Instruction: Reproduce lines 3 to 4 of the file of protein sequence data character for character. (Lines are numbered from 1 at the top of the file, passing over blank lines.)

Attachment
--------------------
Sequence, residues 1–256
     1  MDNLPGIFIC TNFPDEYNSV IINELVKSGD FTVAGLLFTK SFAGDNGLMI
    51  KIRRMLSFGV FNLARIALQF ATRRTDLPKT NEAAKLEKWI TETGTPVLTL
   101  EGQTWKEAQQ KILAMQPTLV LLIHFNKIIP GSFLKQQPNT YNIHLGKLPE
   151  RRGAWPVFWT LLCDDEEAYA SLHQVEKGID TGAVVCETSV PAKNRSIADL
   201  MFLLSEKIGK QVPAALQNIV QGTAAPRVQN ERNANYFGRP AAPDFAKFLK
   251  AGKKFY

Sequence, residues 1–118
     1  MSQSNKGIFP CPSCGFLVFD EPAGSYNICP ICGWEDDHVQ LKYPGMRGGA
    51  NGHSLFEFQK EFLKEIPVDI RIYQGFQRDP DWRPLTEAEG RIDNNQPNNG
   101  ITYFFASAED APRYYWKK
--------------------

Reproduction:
    51  KIRRMLSFGV FNLARIALQF ATRRTDLPKT NEAAKLEKWI TETGTPVLTL
   101  EGQTWKEAQQ KILAMQPTLV LLIHFNKIIP GSFLKQQPNT YNIHLGKLPE